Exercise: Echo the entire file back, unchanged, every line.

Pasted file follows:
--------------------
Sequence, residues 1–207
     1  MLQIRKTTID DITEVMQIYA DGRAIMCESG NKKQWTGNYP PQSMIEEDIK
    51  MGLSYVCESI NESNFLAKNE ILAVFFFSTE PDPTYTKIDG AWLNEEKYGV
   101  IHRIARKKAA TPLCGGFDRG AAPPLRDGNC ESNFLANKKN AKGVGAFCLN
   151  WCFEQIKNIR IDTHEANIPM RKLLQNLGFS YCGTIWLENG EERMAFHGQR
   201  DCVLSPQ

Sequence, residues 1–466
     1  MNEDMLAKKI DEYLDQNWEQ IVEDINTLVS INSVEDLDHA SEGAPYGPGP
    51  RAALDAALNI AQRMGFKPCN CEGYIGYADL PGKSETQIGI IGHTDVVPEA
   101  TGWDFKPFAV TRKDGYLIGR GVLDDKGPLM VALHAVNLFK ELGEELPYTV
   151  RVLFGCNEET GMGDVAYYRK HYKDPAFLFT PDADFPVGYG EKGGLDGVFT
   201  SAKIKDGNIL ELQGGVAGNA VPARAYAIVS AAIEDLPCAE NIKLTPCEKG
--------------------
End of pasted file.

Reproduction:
Sequence, residues 1–207
     1  MLQIRKTTID DITEVMQIYA DGRAIMCESG NKKQWTGNYP PQSMIEEDIK
    51  MGLSYVCESI NESNFLAKNE ILAVFFFSTE PDPTYTKIDG AWLNEEKYGV
   101  IHRIARKKAA TPLCGGFDRG AAPPLRDGNC ESNFLANKKN AKGVGAFCLN
   151  WCFEQIKNIR IDTHEANIPM RKLLQNLGFS YCGTIWLENG EERMAFHGQR
   201  DCVLSPQ

Sequence, residues 1–466
     1  MNEDMLAKKI DEYLDQNWEQ IVEDINTLVS INSVEDLDHA SEGAPYGPGP
    51  RAALDAALNI AQRMGFKPCN CEGYIGYADL PGKSETQIGI IGHTDVVPEA
   101  TGWDFKPFAV TRKDGYLIGR GVLDDKGPLM VALHAVNLFK ELGEELPYTV
   151  RVLFGCNEET GMGDVAYYRK HYKDPAFLFT PDADFPVGYG EKGGLDGVFT
   201  SAKIKDGNIL ELQGGVAGNA VPARAYAIVS AAIEDLPCAE NIKLTPCEKG